* Only a third of U.S. adults have had shot - survey
* Misperceptions about shots cited as key reason
By Julie Steenhuysen
CHICAGO, Dec 9 Americans are getting seasonal
flu shots at about the same rate as last year despite
heightened awareness of the risks of influenza inspired by the
swine flu pandemic, a survey released on Wednesday showed.
As of the middle of November, about 32 percent of all U.S.
adults and 37 percent of adults who are recommended to get a
flu shot against seasonal flu had gotten one.
"It does not appear that the increased public discussion of
the role of influenza vaccines has had a significantly impact
on the public's behavior," said Katherine Harris, a senior
economist at RAND, a nonprofit research group that led the
"Most of the results from our latest survey look much like
those from last year," she said in a statement.
Harris said concerns over the swine flu pandemic did drive
more adults to get seasonal flu vaccines earlier this year,
with about three times as many adults getting a seasonal flu
shot in September compared with the same time last year.
But overall vaccine rates through mid-November were
comparable with rates during the same period last year,
suggesting that vaccination rates have tapered off.
This may have been due in part to a shortage of seasonal
flu vaccines that occurred as companies struggled to meet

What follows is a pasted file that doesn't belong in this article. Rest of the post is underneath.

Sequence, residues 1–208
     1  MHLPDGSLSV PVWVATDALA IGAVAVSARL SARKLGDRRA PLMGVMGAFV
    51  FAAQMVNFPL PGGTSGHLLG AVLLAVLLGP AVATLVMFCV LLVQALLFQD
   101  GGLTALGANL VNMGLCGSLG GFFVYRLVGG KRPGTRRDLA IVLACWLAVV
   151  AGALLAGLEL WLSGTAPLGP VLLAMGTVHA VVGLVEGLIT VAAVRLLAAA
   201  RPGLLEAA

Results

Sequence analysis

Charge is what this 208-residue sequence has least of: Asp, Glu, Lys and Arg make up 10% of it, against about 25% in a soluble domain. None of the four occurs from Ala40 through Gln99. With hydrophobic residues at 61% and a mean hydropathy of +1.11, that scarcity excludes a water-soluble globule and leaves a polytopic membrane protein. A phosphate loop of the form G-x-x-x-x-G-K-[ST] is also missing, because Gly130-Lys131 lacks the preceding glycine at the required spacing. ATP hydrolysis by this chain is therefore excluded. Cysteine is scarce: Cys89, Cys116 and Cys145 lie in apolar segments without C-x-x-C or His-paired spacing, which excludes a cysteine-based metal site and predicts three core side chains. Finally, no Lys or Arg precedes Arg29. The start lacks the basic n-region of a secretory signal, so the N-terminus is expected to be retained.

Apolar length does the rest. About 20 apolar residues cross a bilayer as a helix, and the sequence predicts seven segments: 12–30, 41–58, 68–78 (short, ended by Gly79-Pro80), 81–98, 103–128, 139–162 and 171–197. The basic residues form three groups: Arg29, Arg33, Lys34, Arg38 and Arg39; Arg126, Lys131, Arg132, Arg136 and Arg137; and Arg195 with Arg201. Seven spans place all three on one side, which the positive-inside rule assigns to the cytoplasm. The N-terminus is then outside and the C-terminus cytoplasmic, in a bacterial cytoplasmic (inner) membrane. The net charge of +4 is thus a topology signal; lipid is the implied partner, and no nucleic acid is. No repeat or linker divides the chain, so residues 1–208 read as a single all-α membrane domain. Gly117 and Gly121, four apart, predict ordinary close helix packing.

government commitments to deliver H1N1 vaccines.
But the study also suggests misperceptions about flu
vaccine are common, Harris said.
Overall, 60 percent of people who do not plan to get a flu
shot said they were worried they would become sick, worried
about vaccine side-effects or thought they did not need a flu
Harris said the study did not suggest that people were
skipping their seasonal flu shot because they had already
gotten or planned to get an H1N1 flu shot.
FLU SEASON PICKING UP
Seasonal flu shots protect against flu viruses circulating
each year. Seasonal flu kills about 36,000 people in the United
States each year and puts 200,000 in the hospital, typically
hitting the elderly and those with underlying health conditions
While swine flu has begun to ease in the United States, flu
season is just picking up, Dr. William Schaffner, of Vanderbilt
University and president-elect of the National Foundation for
Infectious Diseases, told reporters at a media briefing.
Schaffner stressed that the seasonal flu shots are safe.
"You cannot get influenza from the influenza vaccine," he
The findings come from a nationally representative survey
of more than 5,000 adults that asked about their vaccination
status and related issues through mid-November. The survey was
paid for by GlaxoSmithKline (GSK.L), which supplies flu vaccine
to the U.S. market.
Healthcare workers were the group most likely to have been
vaccinated by mid-November, with about half saying they had
been vaccinated by then, according to the survey. But 40
percent of healthcare workers reported they had no intention of
getting a seasonal flu shot.
"This is despite the risk that being unvaccinated poses to
healthcare workers' patients and to healthcare workers
themselves," Harris said at the briefing.
Caregivers and others who have close contact with people
for whom flu poses a serious health risk were least likely to
be vaccinated overall, with just over a third reporting they
were vaccinated by mid-November.
The survey also found that white adults were more likely to
be vaccinated than other racial groups, and Hispanic adults
were the least likely to have received a seasonal flu vaccine.
(Editing by Xavier Briand)